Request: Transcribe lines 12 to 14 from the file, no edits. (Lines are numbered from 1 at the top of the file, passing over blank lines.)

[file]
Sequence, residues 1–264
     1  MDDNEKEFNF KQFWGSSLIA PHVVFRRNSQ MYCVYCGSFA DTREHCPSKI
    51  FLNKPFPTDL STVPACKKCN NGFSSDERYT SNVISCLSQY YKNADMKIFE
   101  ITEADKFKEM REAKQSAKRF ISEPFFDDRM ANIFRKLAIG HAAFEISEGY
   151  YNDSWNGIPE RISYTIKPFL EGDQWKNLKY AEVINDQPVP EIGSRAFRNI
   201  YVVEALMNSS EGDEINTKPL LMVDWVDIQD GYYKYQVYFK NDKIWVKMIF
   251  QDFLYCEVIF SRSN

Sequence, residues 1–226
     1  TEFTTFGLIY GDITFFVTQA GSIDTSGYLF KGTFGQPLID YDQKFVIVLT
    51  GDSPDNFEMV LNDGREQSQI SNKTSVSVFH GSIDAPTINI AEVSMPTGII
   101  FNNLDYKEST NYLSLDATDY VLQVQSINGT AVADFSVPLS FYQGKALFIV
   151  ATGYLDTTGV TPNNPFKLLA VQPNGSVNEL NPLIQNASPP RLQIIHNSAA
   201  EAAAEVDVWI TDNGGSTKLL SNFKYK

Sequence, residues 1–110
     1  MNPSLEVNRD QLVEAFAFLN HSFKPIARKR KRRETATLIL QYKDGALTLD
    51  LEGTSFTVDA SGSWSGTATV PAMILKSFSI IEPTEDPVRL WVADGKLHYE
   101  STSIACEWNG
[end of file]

   151  ATGYLDTTGV TPNNPFKLLA VQPNGSVNEL NPLIQNASPP RLQIIHNSAA
   201  EAAAEVDVWI TDNGGSTKLL SNFKYK

Sequence, residues 1–110